Immigration Threat Amplifiers and Whites' Immigration Attitudes in the Age of Trump

Eileen Díaz McConnell, Lisa M. Martinez

Research output: Contribution to journalArticlepeer-review


The US public's immigration attitudes have become more favourable in recent years, yet the Trump administration (2017-2021) was the most restrictionist on immigration of any modern US presidency. What key sociopolitical factors were associated with holding more exclusionary immigration attitudes and policy preferences among US whites, the ethnoracial group most likely to support Trump, at the beginning of his administration? Analyses of two waves of nationally representative US panel survey data for whites demonstrate that voting for Trump, consuming conservative news, being evangelical, and having a stronger white racial identity were linked with more exclusionary abstract immigration attitudes and/or support for one more Trump-era policies: the US-Mexico wall, the Travel Ban targeting majority-Muslim countries, and deportations of unauthorised immigrants. Together, our results emphasise the value of attending to multiple aspects of the national sociopolitical context, considering diverse potential sources that amplify immigration threat, and jointly examining abstract immigration attitudes and specific policy preferences of varying salience.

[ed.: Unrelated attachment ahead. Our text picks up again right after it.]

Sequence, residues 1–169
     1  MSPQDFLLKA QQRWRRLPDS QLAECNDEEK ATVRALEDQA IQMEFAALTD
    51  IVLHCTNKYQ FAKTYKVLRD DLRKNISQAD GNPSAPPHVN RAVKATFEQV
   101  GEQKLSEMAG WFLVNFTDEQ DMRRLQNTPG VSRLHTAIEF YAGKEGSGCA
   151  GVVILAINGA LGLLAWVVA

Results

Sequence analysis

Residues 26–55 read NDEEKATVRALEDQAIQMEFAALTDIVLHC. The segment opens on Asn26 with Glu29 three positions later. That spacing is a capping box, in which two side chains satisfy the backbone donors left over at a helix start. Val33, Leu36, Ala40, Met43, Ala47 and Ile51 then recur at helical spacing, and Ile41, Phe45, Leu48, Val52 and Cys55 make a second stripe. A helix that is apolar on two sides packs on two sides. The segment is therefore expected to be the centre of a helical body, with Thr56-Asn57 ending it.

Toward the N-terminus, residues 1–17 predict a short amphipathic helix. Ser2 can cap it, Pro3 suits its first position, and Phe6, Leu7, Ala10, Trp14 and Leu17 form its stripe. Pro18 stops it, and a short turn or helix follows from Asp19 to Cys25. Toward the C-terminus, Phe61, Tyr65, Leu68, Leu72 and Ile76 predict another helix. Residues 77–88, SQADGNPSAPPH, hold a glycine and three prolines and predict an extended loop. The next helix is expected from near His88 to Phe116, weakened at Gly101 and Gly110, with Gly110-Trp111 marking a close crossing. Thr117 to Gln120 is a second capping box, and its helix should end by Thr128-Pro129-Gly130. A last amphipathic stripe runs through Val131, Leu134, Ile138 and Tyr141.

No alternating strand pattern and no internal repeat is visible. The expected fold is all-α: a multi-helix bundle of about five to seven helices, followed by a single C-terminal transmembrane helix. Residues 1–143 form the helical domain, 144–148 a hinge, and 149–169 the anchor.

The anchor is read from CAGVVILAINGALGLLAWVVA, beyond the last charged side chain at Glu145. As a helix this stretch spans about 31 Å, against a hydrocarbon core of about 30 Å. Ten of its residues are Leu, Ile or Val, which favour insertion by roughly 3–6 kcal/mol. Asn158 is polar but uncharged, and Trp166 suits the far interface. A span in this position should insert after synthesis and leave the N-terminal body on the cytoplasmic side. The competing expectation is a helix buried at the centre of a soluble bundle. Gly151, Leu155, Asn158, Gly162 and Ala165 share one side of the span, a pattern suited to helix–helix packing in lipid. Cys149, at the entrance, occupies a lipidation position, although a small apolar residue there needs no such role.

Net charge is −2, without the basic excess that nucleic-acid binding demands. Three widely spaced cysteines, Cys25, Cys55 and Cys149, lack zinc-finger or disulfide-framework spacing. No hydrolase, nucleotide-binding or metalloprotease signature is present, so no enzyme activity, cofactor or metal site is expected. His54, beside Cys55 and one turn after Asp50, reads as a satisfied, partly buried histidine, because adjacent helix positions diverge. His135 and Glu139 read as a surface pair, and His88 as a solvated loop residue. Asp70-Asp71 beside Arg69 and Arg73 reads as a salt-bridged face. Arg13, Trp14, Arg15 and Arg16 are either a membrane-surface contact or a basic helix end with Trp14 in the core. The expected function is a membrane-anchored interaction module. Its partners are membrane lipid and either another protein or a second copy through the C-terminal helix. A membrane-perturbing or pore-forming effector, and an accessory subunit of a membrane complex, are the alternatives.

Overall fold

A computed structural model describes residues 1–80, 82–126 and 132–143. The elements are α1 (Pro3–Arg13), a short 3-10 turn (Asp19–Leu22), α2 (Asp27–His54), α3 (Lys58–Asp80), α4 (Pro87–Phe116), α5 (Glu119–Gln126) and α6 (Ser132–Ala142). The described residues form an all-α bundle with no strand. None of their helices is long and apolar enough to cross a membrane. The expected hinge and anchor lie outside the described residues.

Original languageEnglish (US)
Pages (from-to)315-330
Number of pages16
JournalMigration Letters
Issue number3
StatePublished - May 2022


  • Group Threat Theory
  • Immigration Attitudes
  • Immigration Policies
  • USA

ASJC Scopus subject areas

  • Demography
  • Geography, Planning and Development


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